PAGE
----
It could be argued that the only way to accurately verify abstinence from smoking is through biochemical analysis. This study, however, relied upon the participants self-report of whether or not they had stopped smoking. As the study involved participants who were genuine paying clients in a clinical setting, it would have been impractical and potentially unethical to attempt to implement biochemical methods of abstinence verification. It is, thus, possible that the self-report of smoking cessation contained some inaccuracies, as some participants may have produced answers that they felt were socially or personally desirable. The post-treatment questionnaire was, however, self-administered online, rather than in a face-to-face interview or telephone survey, which is likely to have reduced social desirability bias (see for example Tourangeau & Smith, 1996; Presser & Stinson, 1998; Tomlin et al, 1998; Vuillemin et al, 2000). Furthermore, it is postulated that since participants were paying clients they may have had a greater desire to make it known if the procedure had not helped them to quit smoking, than recruited participants in an experimental setting, further reducing social desirability bias.
A further limitation of the survey was that participants did not complete the questionnaire at a particular time post treatment (most participants completed the study between one day and six months after their session), so long term follow up was not consistently conducted. Further research will address this by assessing participants’ smoking status at six months and one year post treatment.
Finally, the treatment session consisted of two different parts: a face-to-face discussion component and a hypnosis component. As such it could not be conclusively determined from the study exactly which factors contributed to the success of those participants who stopped smoking. In order to assess the contributions of the two components of the ‘The Rob Kelly Method®’ treatment, further research could compare the efficacy of each individual component with the combined treatment. This was impossible in the current study as participants were paying clients, who could therefore ethically only be offered the full programme.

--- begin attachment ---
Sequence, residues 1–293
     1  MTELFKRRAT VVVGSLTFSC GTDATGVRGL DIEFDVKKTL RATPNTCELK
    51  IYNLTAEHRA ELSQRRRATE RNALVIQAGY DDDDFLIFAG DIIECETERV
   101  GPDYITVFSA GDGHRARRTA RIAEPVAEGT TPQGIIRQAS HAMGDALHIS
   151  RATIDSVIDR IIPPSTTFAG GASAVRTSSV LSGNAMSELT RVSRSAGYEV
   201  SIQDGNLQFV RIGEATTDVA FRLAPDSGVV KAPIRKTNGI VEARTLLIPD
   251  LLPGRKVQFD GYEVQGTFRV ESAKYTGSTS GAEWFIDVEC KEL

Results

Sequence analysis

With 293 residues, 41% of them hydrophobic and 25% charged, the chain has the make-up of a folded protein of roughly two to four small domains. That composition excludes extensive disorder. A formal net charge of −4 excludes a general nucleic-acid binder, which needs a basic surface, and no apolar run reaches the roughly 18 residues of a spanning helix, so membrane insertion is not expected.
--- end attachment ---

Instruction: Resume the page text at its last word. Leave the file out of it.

From clinical experience and previous client feedback, the researchers propose that the face-to-face discussion part of the treatment played a greater role in assisting the participants to stop smoking than the hypnosis part. Four participants explicitly mentioned in their feedback that the fact that their beliefs had changed had contributed to their stopping smoking, which was a key part of the face-to-face discussion. These belief changes could, nevertheless, potentially have occurred in either part of the session. Twenty seven participants (25.2%) had, however, previously visited a hypnotherapist for smoking cessation and it can be deduced that this did not work for them long term since they were attending further treatment. This could potentially indicate that the face-to-face discussion component is a key part of the success of the treatment. Additionally the proportion of participants who reported quitting appeared greater than that of many other smoking cessation treatments utilizing hypnosis (see for example: Viswesvaran and Schmidt, 1992; Green and Lynn, 2000; Elkins and Rajab, 2004). This should, however, again be interpreted with caution, due to the lack of consistent long-term assessment of smoking status in this study. Once further research has addressed some of the methodological issues in this study, this can be better evaluated.
This study has provided some useful preliminary results, which suggest that ‘The Rob Kelly Method’ treatment for smoking cessation is promising. These may indicate that changing the beliefs of smokers and increasing self-efficacy, along with the use of hypnosis can aid cessation success. Further research will help to clarify and evaluate the long-term effectiveness of this programme.
Atrens, D.M. (2001) Nicotine as an addictive substance: a critical examination of the basic concepts and empirical evidence. Journal of Drug Issues, 31 (2), 325-394.